There’s a seventh dam which was used to supply water to the workmen’s village and was abandoned on completion of the first fice dams. It was used in 1942 for Barnes Wallis’ secret tests of the ‘bouncing bomb’ which was later used to attack dams in Germany during the ‘Dambusters’ raids.

We begin at the visitor centre adjacent to the Caban Coch Dam and then drive to the top of the Claerwen dam. We photograph the lake behind it and looking down to the river below. Then we walk down to the bottom and photograph it looking up at it.

The dam and the reservoir behind it were ‘inaugurated’ by Queen Elizabeth in October 1952. It must have been one of her first jobs as the new queen. The reservoir supplies Birmingham down an aqueduct which has a gradient of just 1 in 2300.

We then head down to Nantgwyllt where there’s a road running along the top of the Garreg Ddu dam and a replica chapel to the one that was buried when they dammed the valley.

In the afternoon we go first to the top of the dam by the visitor cente and then to Pen-y-Bont, where I photograph the wood carvings and then climb up to the Pen y Carreg dam.

We have a rather muddling start to Sunday before setting off to the Red Kite Centre to the south of Rhayader just after lunch.

We’re in a hide overlooking the feeding place and my colleagues bring out there 600mm (and more) lenses. I make do with my 200mm and reset my camera for shutter priority, continuous shooting and continuous autofocus. I start at 1/1000th and when I check my photos they’re not bad but blurred. I move to 1/2000th which seems to do the trick.

Rather surprisingly I get several good shots. I share them later and am somewhat surprised that the others share nothing. I reckon with the big lenses the birds out of the shot before you take the shot. Anyway I’m pretty chuffed.

There’s an album of my better and more interesting shots at

Photo of the Month: October 2022

Continuing my theme of photographs which are out of my comfort zone, this one was taken when I participated in a one hour street photography workshop as a part of the Cambridge Photography Show. Lots of good common sense and rule number 1 seems to be: don’t use a DSLR!

Anyway this was taken with my Sony a7 111 DSLR (!) 1/125th at f9.0 and ISO 3200 with 112mm on the zoom. The ISO’s a bit high but f9.0 gave me enough depth of field to ensure that the subject was completely in focus. To be fair this wasn’t real street photography because the subject here was a friend of the tutor so it was more street portraiture.  In post processing I’ve increased the blacks and white and toned down the highlights. That’s made a world of difference to the subjects skin!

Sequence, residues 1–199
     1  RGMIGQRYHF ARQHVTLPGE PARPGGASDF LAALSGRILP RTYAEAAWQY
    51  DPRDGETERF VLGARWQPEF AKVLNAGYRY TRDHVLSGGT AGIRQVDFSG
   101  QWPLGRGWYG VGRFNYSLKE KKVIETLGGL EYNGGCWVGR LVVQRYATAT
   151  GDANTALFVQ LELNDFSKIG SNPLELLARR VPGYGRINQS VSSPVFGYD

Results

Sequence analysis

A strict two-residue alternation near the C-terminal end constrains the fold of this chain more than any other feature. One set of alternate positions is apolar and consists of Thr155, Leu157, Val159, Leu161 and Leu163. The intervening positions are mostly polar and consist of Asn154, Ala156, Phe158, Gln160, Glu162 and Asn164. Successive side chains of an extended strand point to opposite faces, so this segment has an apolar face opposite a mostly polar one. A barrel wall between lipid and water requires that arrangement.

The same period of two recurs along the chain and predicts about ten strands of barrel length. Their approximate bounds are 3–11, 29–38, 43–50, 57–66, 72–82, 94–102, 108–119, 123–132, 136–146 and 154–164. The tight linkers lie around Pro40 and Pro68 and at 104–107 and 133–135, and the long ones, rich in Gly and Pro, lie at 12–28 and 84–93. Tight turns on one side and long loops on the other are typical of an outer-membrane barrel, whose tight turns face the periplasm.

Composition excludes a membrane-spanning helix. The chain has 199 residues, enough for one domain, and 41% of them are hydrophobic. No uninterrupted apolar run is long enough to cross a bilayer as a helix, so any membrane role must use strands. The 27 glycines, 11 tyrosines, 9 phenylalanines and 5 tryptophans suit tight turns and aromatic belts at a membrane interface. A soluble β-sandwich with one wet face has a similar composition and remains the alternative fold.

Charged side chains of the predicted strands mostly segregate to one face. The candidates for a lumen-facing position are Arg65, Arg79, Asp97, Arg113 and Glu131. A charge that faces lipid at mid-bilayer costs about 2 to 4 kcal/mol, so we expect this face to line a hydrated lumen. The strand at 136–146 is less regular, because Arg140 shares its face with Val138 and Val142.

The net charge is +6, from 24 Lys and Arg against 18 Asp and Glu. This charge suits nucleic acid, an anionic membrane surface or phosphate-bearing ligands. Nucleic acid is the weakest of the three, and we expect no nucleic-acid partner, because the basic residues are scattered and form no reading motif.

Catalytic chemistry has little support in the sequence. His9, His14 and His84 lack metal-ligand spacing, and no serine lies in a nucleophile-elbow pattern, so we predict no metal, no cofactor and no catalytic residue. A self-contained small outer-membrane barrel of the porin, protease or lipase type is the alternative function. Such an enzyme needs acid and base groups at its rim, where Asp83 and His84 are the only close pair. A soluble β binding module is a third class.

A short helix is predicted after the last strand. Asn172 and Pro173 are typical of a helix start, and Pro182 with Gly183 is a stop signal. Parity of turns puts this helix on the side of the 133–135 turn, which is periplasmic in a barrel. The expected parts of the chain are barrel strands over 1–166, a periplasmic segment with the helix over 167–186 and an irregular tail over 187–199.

My digital journey. 2004 to 2013

I’ve recently ‘published’ a photobook including photographs which I’ve taken between 2004, when I bought my first digital camera, to 2013. There’s one for each year plus a few more besides. Click here to view it.

This photo is from 2004 and one of my very first and it’s a view across Kyev from my hotel room when I visited the city. You’ve just got to hope that the current dreadful situation there ends, in Ukraine’s favour, pretty soon.

Other photos reflect my travels over the decade together with ones closer to home including a few more personal shots..

If you really want growth Ms Truss: 5 really good ideas!

I’ve been thinking about this post for a couple of weeks now (since Liz Truss’ dreadful ‘growth, growth, growth’ speech at the Conservative Party Conference) and only wrote it last night. With the events of today (Kwasi Kauteng being sacked) it may be redundant or may be even more valid. Whatever. If you really want growth, and good quality growth at that, maybe Ms Truss should be considering the following.

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Photo of the Month: September 2022

I would never claim to be a wild-life photographer but …

I reckon this one’s pretty good. Admittedly this deer is probably well used to members of the public it’s nonetheless a well crafted shot. It’s a shot of a European fallow deer at Holkham Hall in Norfolk

This photo was taken with my Sony a7 111 DSLR 1/125th at f9 ISO 250 and 200mm on the zoom. Ideal photography conditions.

There’s been minimal post-processing, just a square crop.